We must now look carefully at another text, signed by three German bishops (Saier, Lehman and Kasper), concerning the pastoral letter on divorced people who remarry (July 10th 1993) (8).I refer in particular to the paragraph in which they affirm that in certain conditions, a Catholic can legitimately be allowed to take part in the celebration of Holy Communion, even if there is no reason to think that the first consummated marriage was invalid and even if he enjoys sexual union with the person he now lives with. The decision is to be arrived at on the basis of the judgment of conscience (cf IV. 4). This is an exceptionally serious state of affairs. For the first time in the Church’s history, the Church itself has recognized, through its ministers, that there is no objective sacramental structure that should not be submitted the final judgment of individual conscience. That there is no structure that should not be verified or cannot be falsified by the judgment of individual conscience. The Church must now recognize this verification and falsification as legitimate. Most important of all, the Church has always taught that the indissolubility of ratified and consummated marriage (ratum et consummatum) is based on Divine Revelation. The problem is that the three bishops’ document, despite explicit affirmations made in the document itself and certainly despite their intentions, may introduce into the Christian community the notion that this divinely-revealed teaching can be called into question on the basis of a judgment of conscience. In other words, the truth of a proposition taught by the Church as being based on the Revelation must ultimately be submitted to the judgment of conscience.

If we now compare the “starting point” with the “point of arrival”, we will see exactly what we mean when we talk about the “uprooting of conscience from the Church”. The separation of Church and conscience (that of its own subjectivity) has now gone as far as it can. Is there any relationship between the two facts I have stated so far? In other words, has conscience increasingly assumed the role of “keystone” in the moral edifice precisely because it has increasingly been uprooted from the Church? Put yet another way, are we now confronted with a further confirmation of the increasingly radical subjectivism that has characterized the historical event we know as modernity? I will leave this question unanswered for the moment, as I would now like to draw your attention to the third fact, which we have witnessed first-hand, and by so doing draw this long introduction to a close.

The third fact consists of the process known usually as postmodernity, during which the constructed “subject” has gradually been deconstructed. It is not necessary to describe, even briefly, the process by which “subjectivity” has been totally demolished (9).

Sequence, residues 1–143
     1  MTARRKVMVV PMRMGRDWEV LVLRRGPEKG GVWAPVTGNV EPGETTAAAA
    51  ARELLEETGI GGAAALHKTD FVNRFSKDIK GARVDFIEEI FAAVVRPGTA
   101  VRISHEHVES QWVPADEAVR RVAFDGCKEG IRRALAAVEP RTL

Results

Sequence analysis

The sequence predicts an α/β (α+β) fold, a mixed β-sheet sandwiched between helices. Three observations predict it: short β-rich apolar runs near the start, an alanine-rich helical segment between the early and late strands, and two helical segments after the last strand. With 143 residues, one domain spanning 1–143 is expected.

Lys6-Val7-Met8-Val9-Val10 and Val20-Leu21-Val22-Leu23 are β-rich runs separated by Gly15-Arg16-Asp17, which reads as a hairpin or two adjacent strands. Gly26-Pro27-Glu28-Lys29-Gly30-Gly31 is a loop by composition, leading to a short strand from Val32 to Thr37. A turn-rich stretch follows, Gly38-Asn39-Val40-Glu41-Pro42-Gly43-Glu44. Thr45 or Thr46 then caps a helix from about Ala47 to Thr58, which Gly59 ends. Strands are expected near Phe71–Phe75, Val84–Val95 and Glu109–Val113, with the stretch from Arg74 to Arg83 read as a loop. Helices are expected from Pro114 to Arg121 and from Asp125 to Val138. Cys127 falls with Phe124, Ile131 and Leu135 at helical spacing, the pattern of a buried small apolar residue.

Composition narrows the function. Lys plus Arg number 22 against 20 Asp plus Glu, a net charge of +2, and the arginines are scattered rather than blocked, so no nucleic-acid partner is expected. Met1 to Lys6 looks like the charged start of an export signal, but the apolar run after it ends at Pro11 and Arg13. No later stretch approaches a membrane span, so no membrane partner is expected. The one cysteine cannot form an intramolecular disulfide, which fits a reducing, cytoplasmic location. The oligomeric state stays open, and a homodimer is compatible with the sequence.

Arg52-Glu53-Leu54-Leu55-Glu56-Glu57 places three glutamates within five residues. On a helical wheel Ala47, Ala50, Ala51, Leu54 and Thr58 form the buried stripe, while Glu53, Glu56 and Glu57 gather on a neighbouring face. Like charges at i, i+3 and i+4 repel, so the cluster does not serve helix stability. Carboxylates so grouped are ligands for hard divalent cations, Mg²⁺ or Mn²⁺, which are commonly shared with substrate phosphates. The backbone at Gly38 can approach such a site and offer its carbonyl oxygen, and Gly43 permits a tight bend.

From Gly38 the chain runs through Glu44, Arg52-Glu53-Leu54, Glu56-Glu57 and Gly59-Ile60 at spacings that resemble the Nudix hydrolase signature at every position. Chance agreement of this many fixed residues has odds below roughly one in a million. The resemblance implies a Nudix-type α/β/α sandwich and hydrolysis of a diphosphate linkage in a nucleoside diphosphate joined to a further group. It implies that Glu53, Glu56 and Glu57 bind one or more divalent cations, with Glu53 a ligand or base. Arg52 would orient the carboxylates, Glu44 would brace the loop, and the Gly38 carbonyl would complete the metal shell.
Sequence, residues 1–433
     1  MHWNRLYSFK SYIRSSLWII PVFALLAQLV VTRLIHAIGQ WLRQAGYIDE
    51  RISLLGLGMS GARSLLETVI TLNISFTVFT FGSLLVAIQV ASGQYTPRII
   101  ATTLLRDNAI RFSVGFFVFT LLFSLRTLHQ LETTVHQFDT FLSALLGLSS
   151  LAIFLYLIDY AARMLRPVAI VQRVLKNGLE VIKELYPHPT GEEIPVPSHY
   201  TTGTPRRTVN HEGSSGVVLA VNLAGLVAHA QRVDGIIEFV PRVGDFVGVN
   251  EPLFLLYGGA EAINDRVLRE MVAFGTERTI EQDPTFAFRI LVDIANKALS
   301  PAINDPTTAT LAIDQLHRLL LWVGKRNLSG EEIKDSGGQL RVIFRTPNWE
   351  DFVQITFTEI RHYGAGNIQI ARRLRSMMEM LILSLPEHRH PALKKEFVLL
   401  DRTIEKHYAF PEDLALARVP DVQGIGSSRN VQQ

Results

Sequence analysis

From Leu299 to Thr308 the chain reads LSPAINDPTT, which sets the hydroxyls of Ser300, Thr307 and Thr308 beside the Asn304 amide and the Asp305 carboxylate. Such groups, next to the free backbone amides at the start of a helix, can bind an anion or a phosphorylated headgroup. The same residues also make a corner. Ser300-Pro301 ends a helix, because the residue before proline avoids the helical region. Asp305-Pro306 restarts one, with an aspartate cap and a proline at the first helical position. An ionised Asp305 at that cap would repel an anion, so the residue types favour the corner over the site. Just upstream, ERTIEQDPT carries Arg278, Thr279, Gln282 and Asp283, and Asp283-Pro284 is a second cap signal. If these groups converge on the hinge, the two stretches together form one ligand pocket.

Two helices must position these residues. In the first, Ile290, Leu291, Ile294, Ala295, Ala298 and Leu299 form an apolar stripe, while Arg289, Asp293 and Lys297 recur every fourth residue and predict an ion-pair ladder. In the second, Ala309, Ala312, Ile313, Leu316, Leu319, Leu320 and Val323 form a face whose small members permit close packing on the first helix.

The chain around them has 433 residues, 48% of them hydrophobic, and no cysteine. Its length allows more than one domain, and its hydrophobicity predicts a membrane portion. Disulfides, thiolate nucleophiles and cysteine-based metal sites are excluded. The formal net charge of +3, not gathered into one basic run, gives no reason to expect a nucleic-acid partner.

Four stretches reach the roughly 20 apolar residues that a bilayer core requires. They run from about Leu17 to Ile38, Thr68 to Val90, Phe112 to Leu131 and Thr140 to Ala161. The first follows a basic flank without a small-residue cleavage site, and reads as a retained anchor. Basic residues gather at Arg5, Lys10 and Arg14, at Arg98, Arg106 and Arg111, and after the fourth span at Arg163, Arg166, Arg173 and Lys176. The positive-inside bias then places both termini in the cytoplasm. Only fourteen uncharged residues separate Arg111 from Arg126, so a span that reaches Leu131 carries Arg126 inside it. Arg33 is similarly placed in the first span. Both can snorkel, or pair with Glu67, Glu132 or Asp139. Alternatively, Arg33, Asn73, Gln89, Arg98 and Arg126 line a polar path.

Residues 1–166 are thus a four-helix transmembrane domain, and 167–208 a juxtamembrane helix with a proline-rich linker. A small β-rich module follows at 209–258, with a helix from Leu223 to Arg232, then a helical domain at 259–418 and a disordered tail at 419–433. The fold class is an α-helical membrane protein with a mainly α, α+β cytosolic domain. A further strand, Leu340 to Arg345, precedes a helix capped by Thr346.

I will just briefly outline the way in which this relates to moral conscience. Here, I will have to over-simplify somewhat. I have followed the debate on bioethics fairly closely over the last few years, mostly as a test of more profound changes (10) the first fact I have observed is that rationality based on utilitarianism and proportionality has now won pride of place in institutional circles (for instance, in the area of civil law), scientific research and individual spirituality. We know that the choice of this model of rationality means the complete destruction of ethics (as was rightly foreseen by Kant and even more profoundly by our own Manzoni (11). As the “weighing-up of each good” in this context is a technical type of judgment, individual conscience has no choice but to place its trust in the judgment of so-called “experts”. What I mean is this: eventually, conscience finds itself being gradually dispossessed of its hard-won autonomy.

I have said that I have used the debate on bioethics as a test of something more profound. Probably the most profound event is precisely this gradual emptying of conscience. It was Newman who foresaw that we would gradually destroy conscience in the name of conscience. One of the parables of the Gospel may provide us with an illustration of this phenomenon, too, in the story of the son who leaves the father to assert himself and ends up working as a swineherd.

Is it possible to find a single interpretative key to this tragedy in two acts? He abandons his home (the Church) in order to affirm his own autonomy (Act I) and ends up all alone in the countryside looking after pigs (Act II).
Is it possible to rediscover the path that will lead Christian subjectivity and conscience back home, so that they are once more one and the same thing?
The two sections of my address will seek to answer both these questions.

 

1. Diagnostic Reflection

 

The whole doctrine of conscience depends on the way in which we answer one central question. Which question? A human being is under no moral obligation unless he knows himself to be so. It is this act of reasoning that “binds” his freedom and this act is irreplaceable. No authority, whether human or divine, can constrain his freedom except by or through this act of judgment. If autonomy means the inescapable necessity of this mediation, then to deny it is to deny the existence of any moral obligation, indeed that of any morals at all. But the problem lies precisely in this inescapable mediation.